The decade from 1880 to 1891 was the most fertile period of Maupassant’s life. Made famous by his first short story, he worked methodically and produced two or sometimes four volumes annually. His talent and practical business sense made him wealthy.
In 1881 he published his first volume of short stories under the title of La Maison Tellier; it reached its twelfth edition within two years. In 1883 he finished his first novel, Une Vie (translated into English as A Woman’s Life), 25,000 copies of which were sold in less than a year. His second novel Bel Ami, which came out in 1885, had thirty-seven printings in four months.
His editor, Havard, commissioned him to write more stories, and Maupassant continued to produce them efficiently and frequently. At this time he wrote what many consider to be his greatest novel, Pierre et Jean.
With a natural aversion to society, he loved retirement, solitude, and meditation. He traveled extensively in Algeria, Italy, England, Brittany, Sicily, Auvergne, and from each voyage brought back a new volume. He cruised on his private yacht Bel-Ami, named after his novel. This life did not prevent him from making friends among the literary celebrities of his day: Alexandre Dumas, fils had a paternal affection for him; at Aix-les-Bains he met Hippolyte Taine and became devoted to the philosopher-historian.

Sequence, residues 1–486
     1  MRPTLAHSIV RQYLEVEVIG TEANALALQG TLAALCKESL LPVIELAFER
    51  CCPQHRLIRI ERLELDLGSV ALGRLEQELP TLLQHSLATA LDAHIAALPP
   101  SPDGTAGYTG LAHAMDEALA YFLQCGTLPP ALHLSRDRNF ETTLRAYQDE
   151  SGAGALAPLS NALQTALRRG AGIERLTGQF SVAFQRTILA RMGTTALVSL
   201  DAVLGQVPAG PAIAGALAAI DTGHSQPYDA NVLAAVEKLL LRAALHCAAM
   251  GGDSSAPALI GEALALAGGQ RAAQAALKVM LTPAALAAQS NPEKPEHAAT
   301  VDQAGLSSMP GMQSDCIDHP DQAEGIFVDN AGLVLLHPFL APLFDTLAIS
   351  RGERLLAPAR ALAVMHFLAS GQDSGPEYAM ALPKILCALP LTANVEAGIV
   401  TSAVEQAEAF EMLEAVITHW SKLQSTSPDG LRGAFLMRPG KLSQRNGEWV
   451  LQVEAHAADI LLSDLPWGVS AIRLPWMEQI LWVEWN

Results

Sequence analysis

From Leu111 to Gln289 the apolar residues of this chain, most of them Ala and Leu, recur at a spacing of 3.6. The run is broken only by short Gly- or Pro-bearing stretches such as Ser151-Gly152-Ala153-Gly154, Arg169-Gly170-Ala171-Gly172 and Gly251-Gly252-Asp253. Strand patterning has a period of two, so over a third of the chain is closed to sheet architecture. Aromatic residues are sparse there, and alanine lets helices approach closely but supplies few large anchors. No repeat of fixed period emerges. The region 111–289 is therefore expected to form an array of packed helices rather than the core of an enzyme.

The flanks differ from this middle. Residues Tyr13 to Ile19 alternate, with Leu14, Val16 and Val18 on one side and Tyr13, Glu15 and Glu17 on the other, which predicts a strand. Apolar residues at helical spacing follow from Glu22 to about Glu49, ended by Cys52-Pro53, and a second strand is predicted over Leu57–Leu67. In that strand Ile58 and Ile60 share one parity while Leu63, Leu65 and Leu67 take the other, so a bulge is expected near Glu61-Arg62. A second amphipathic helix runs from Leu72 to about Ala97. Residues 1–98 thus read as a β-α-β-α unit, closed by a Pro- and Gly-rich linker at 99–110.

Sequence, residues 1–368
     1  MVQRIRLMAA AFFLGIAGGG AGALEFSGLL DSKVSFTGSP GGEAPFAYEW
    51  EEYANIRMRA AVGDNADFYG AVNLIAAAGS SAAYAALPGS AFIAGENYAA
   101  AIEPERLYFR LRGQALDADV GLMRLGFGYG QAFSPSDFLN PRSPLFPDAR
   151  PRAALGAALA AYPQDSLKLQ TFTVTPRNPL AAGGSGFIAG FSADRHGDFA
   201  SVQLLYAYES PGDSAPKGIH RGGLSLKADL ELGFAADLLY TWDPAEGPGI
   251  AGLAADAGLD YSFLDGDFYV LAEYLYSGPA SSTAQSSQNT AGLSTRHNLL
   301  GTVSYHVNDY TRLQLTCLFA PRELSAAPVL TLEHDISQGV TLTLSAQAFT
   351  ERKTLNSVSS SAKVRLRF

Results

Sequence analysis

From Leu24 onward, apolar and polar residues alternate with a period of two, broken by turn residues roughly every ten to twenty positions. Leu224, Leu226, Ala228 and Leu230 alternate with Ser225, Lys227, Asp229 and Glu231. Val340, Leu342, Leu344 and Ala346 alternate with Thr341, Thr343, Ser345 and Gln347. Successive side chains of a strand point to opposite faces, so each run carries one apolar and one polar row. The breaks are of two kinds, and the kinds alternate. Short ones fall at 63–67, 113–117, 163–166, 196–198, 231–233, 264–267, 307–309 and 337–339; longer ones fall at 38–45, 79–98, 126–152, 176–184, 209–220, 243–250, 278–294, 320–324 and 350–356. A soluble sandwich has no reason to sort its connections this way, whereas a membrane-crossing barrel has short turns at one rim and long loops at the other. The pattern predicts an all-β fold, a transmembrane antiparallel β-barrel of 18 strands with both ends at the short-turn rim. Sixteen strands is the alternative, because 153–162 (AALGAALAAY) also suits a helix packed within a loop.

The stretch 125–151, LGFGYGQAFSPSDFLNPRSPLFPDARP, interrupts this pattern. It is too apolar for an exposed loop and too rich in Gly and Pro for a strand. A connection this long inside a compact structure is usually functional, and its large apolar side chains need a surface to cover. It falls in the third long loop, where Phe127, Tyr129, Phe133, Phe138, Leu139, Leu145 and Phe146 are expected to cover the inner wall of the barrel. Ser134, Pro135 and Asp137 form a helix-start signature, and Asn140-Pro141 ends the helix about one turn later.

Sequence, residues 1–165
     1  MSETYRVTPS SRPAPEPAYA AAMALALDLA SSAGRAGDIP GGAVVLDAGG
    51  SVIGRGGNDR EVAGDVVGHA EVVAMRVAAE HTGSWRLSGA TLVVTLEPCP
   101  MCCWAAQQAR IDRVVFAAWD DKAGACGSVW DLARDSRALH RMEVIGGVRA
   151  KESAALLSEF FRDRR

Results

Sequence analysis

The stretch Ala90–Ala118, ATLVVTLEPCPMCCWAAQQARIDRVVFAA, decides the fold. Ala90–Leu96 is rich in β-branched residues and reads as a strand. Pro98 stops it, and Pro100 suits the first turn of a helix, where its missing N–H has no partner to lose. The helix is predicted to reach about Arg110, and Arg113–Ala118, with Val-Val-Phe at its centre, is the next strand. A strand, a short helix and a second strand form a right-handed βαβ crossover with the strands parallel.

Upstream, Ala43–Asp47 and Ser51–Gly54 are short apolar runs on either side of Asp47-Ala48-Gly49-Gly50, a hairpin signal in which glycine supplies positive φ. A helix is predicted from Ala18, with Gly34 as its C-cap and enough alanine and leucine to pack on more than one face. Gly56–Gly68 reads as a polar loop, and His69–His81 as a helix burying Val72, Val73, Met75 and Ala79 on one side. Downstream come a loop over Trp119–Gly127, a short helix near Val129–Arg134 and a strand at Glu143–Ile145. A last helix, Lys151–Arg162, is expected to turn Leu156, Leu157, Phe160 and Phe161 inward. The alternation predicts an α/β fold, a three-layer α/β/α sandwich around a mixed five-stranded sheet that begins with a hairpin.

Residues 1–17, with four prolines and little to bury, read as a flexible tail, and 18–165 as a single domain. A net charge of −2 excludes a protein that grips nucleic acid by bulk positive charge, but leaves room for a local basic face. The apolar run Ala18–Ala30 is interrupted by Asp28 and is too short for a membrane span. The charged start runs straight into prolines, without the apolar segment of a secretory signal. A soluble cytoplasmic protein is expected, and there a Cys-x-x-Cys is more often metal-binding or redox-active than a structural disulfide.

Flaubert continued to act as his literary godfather. His friendship with the Goncourts was of short duration; his frank and practical nature reacted against the ambiance of gossip, scandal, duplicity, and invidious criticism that the two brothers had created around them in the guise of an 18th-century style salon.
Maupassant was one of a fair number of 19th-century Parisians, including Alexandre Dumas and Charles Garnier, who did not care for the Eiffel Tower. He often ate lunch in the restaurant at its base, not out of preference for the food but because it was only there that he could avoid seeing its otherwise unavoidable profile.
He and forty-six other Parisian literary and artistic notables attached their names to an elaborately irate letter of protest against the tower’s construction, written to the Minister of Public Works.
Maupassant also wrote under several pseudonyms such as Joseph Prunier, Guy de Valmont, and Maufrigneuse (which he used from 1881 to 1885).
In his later years he developed a constant desire for solitude, an obsession for self-preservation, and a fear of death and paranoia of persecution caused by the syphilis he had contracted in his youth. On January 2, 1892, Maupassant tried to commit suicide by cutting his throat, and was committed to the private asylum of Esprit Blanche at Passy, in Paris, where he died on July 6, 1893.
Guy De Maupassant penned his own epitaph: “I have coveted everything and taken pleasure in nothing.” He is buried in Section 26 of the Cimetière du Montparnasse, Paris.
Special thanks, Wikipedia.